Kernita-Rose Bailey

​Engaging Head, Hand, and Heart:Lessons From a Caribbean Social-work Degree Program

The wholistic development of students is the bedrock of Seventh-day Adventist education.1 The Adventist philosophy of education encapsulates this intent, as it promotes the expectation that students will not only grow intellectually, but also spiritually and physically as a result of each course of study.2 This unique approach to education is intended to serve the dual purpose of preparing the student for useful service on earth as well as for eternal life in heaven.3

The wholistic orientation of Adventist education appears to be mirrored in Culturally Responsive Teaching (CRT), a pedagogical approach that seeks to use the culture of the student as a vehicle for effective instruction. Gloria Ladson-Billings, one of the early proponents of CRT, describes it as a “pedagogy that empowers students intellectually, socially, emotionally, and politically by using cultural referents to impart knowledge, skills and attitudes.”4 Similarly, Gay indicated that CRT addresses “different types of learning (cognitive, physical, emotional) . . . in concert.”5

A recognition of the wholistic focus of CRT led the author to the following questions, which will be addressed in this article: Can CRT be used to achieve the wholistic development of tertiary students, as conceptualized by the Adventist philosophy of education? What steps, reflecting CRT, might lecturers take to target the cognitive, attitudinal, and psycho-motor domains of students? The exploration of the melding of the philosophy of head, heart, and hand with CRT will draw upon the experiences of a social-work degree program at the University of the Southern Caribbean (USC), a private seven-campus Seventh-day Adventist university.

Context

Trinidad and Tobago is a two-island nation at the southernmost tip of the archipelago of the Caribbean islands. Its approximately 1.4 million population6 is comprised of persons of East Indian heritage (35.4 percent), African heritage (34.2 percent), mixed heritage (22.8 percent), and persons of other heritages (1.6 percent).7 While acculturation has led to the creation of a unique blend of cultures, ethnic groups continue to demonstrate cultural practices that reflect their heritage in food, music, dance, and dress.

The University of the Southern Caribbean was established in Trinidad in 1927. Over its 90-year existence, it has expanded its operations and currently offers undergraduate and graduate programs on two campuses in Trinidad and one on each of the following islands: Tobago, Antigua, Barbados, Guyana, and St. Lucia.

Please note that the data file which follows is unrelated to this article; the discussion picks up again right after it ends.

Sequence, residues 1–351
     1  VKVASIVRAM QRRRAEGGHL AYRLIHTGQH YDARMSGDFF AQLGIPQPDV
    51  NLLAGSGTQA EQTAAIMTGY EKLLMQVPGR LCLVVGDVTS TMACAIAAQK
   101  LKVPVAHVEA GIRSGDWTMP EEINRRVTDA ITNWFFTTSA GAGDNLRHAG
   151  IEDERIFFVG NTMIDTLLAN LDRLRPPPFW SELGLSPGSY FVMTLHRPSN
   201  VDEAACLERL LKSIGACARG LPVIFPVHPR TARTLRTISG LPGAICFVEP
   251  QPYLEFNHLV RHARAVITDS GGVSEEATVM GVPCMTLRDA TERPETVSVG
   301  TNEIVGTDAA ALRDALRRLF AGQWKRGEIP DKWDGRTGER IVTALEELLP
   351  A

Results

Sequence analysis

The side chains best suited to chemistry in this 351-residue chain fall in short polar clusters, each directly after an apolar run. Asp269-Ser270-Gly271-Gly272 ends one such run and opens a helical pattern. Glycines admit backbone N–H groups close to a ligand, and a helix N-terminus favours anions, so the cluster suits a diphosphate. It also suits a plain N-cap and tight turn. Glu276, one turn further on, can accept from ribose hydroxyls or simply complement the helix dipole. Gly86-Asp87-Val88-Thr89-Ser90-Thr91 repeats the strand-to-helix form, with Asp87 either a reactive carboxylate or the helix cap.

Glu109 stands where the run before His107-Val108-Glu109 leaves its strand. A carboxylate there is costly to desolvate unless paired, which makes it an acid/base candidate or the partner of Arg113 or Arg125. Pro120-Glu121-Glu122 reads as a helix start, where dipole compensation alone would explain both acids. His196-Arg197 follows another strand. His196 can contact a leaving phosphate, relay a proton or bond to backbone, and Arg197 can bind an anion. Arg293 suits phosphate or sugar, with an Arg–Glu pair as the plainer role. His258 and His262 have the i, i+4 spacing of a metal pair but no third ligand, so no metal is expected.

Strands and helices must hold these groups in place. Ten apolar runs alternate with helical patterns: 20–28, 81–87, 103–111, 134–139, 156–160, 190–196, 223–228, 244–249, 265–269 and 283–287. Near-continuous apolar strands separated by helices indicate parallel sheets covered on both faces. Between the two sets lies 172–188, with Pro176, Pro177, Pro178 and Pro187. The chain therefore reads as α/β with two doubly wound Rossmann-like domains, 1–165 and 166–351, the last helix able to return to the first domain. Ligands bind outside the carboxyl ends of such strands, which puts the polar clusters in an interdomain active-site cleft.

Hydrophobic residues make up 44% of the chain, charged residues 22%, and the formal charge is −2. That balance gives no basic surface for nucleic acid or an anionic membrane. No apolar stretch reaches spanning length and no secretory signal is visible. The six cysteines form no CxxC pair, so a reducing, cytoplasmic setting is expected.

The social-work program is offered at four campuses: Trinidad (both campuses), Tobago, and St. Lucia. An analysis of the students in the social-work program reveals both cultural homogeneity and heterogeneity. Although the students are predominantly from the Caribbean, they originate from different islands, each of which has unique cultural patterns. The cultural heterogeneity of students is also derived from the diversity of their ethnic backgrounds (race and religion) and geographic locations (inner city, suburban, and rural).

Culturally Responsive Teaching

Culturally responsive teaching, also termed culturally relevant teaching, is based on the premise that students from ethnic minority groups experience disadvantages in most education systems since the instructional techniques, materials, and language used in the classroom generally favor the ethnic majority. Students from all ethnic groups may achieve academic success if professors adjust their approaches to embrace diversity instead of expecting diverse groups to accommodate to the majority culture. Gay presented CRT as a strengths-based approach that “[uses] the cultural knowledge, prior experiences, frames of reference, and performance styles of ethnically diverse students to make learning encounters more relevant to and effective for them.”8 Ladson-Billings noted that CRT goes beyond academic success by engendering positive attitudes in students toward their own culture, as well as helping students develop critical inquiry into structural inequities.9 In order to achieve its goals, CRT addresses four aspects of teaching: the curriculum, teachers’ attitudes, communication approaches, and instructional strategies; all of which must incorporate or demonstrate sensitivity to cultural issues.10

While literature on CRT has focused on primary and secondary education,11 the approach is also relevant to tertiary education. Ferdinand, writing about the experience of international students in a graduate program in the United States, noted that the students experienced “much intellectual and cultural bondage with a U.S.-centric curriculum . . . that does not fully prepare them for today’s global marketplace.”12 She also indicated that using a curriculum that favors the majority culture increases the risk of “lack of motivation among [international] students.”13

Because most of the students at USC come from the Caribbean, is the concept of culturally responsive teaching still relevant? Yes. Culturally responsive teaching in the Caribbean context is complex and multi-layered. Since students of the social-work program are a heterogenous group, CRT can tap into the various ethnic backgrounds to achieve more effective communication and instruction. A more critical issue: Most social-work knowledge and research are produced in a context and culture foreign to Caribbean students. Unless the curriculum is adapted and the content presented in a way that addresses the unique conditions of the society in which it is used (indigenization), information may be accepted unquestioningly (transmission model).14 The resolution of this issue is not, therefore, to dismiss knowledge created in other contexts but to develop more effective strategies for assisting students in engaging with the “foreign” knowledge, as well as stimulating the production of local knowledge (authentication).15 By using CRT at the tertiary level, Caribbean cultural knowledge and experiences can be employed as an instrument for critical analysis and the application of the knowledge developed in other contexts.